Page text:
Yiddish, they tell us, is the ever-dying language.
Don’t tell that to the organizers of the bold weeklong tribute to Yiddish and Jewish arts known as KulturfestNYC, the first international Jewish performing arts festival, taking place across Manhattan from June 14-21.
Efforts to reduce the heavy economic burden on Jewish families who send their children to religious day schools can receive a belated but much-needed boost from New York State next week, but opposition from some labor unions may stand in the way.
Wednesday, June 3 was designated this year as “Jewish Unity Day,” established by the City of Jerusalem and Gesher, an organization that seeks to close the gap among Jews of different denominations. It comes a year after the kidnapping and murder of three teenage boys in Israel, a tragedy that, however briefly, brought the country together and linked Jews of the diaspora with their brothers and sisters in the Jewish state.
Consider the millennials, three dozen of whom are profiled in our annual 36 Under 36 section, a special supplement in this week’s paper; they are the generation born between 1980 and 2000. They’re self-absorbed (55 percent of them have shared a selfie, compared with 24 percent of Gen-Xers); they’re unmoored from religion (nearly 30 percent say they’re not affiliated with any religion, compared with 21 percent of Gen-Xers); and they’re distrustful of people (only 19 percent said that most people can be trusted, compared with 31 percent of Gen-Xers). That’s data culled from a 2014 Pew Research Center study.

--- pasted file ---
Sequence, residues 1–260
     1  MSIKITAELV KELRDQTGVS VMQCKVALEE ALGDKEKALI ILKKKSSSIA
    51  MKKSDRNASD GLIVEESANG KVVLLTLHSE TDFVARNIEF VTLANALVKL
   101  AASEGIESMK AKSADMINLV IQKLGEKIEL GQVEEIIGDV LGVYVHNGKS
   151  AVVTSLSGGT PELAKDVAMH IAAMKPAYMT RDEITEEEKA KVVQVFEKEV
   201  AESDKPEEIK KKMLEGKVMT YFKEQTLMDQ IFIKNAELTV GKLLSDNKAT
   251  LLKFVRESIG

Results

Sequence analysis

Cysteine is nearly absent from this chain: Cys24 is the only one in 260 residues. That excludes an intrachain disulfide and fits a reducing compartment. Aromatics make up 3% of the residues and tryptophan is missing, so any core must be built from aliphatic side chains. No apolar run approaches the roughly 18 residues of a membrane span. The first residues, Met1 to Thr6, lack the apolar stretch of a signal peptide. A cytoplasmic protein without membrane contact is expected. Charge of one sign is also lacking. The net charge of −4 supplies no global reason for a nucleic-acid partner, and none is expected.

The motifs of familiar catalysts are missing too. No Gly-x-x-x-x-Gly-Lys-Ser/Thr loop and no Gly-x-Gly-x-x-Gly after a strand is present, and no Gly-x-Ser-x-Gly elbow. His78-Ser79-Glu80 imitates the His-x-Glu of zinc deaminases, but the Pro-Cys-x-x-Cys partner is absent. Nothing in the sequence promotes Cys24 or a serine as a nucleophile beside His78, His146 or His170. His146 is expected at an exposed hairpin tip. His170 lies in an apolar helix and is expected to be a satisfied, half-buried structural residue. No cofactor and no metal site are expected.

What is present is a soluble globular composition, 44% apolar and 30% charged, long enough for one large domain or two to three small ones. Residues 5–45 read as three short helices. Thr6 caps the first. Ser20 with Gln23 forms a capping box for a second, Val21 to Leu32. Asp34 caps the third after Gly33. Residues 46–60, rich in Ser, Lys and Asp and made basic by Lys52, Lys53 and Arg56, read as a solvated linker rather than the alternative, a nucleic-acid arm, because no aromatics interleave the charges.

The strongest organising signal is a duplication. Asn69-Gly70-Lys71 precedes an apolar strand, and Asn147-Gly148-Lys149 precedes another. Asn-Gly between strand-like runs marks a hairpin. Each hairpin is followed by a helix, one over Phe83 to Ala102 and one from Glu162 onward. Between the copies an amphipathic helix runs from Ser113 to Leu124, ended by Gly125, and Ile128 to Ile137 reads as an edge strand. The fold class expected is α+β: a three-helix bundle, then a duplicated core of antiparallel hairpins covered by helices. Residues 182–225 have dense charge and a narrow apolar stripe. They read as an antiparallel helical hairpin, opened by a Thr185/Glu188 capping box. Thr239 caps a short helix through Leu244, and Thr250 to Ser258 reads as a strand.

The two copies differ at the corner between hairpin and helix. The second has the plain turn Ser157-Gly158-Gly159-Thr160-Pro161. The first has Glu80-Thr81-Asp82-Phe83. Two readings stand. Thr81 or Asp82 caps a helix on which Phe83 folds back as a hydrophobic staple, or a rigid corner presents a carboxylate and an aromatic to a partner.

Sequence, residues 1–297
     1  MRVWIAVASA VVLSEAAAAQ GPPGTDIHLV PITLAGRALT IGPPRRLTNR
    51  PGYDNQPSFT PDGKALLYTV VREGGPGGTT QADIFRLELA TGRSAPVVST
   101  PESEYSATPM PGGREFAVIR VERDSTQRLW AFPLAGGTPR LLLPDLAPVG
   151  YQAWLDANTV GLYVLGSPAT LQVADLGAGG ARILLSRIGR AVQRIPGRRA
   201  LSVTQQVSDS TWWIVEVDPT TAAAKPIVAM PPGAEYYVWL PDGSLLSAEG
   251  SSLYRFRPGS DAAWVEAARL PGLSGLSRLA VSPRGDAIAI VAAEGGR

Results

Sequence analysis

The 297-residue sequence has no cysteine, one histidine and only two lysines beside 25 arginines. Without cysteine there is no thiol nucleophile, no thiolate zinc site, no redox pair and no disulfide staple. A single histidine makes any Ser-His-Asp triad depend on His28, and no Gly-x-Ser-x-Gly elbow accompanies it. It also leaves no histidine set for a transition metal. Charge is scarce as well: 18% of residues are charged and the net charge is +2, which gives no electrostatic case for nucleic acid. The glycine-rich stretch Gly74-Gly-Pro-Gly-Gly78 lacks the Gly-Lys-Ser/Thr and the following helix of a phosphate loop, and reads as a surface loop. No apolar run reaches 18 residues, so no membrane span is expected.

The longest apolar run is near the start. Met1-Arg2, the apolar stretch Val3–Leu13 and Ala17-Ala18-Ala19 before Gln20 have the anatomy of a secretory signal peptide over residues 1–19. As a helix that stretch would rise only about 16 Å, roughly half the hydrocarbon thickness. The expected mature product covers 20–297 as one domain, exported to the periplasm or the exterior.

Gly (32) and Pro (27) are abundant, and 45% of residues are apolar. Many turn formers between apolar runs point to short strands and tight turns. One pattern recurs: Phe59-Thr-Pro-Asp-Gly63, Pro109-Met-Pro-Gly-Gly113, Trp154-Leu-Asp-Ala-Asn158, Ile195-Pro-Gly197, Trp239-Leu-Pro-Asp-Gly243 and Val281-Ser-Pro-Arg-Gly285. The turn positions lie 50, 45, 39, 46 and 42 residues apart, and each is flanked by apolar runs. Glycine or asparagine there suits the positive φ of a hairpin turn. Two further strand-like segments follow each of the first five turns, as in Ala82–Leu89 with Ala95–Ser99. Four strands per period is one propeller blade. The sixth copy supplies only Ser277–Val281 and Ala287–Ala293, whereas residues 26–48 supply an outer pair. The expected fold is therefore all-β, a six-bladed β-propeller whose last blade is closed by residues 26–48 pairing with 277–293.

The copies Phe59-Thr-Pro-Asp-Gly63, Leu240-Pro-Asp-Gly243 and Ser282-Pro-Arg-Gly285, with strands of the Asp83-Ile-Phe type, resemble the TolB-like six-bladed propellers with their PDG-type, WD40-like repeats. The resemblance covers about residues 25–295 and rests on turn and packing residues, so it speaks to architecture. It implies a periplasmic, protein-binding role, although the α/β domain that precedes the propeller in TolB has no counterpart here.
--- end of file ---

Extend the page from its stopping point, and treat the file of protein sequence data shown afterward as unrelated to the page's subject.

It is as intimate as any hour in the Jewish year, the half-light of Shavuot near dawn, after the all-night learning when it is time for early prayer and then rising for the reading of the Ten Commandments. Yes, most of the world is still asleep, but most of the world was “sleeping” at Sinai, too. Legend has it that every other nation on the planet was offered the Torah first, but declined, politely and otherwise. Only the Israelites said yes, and even then with a threatening mountain held above them, and the skies a wild concoction of a desert storm, thunder, lightening and a rain, say the mystics, that was reminiscent of Noah’s.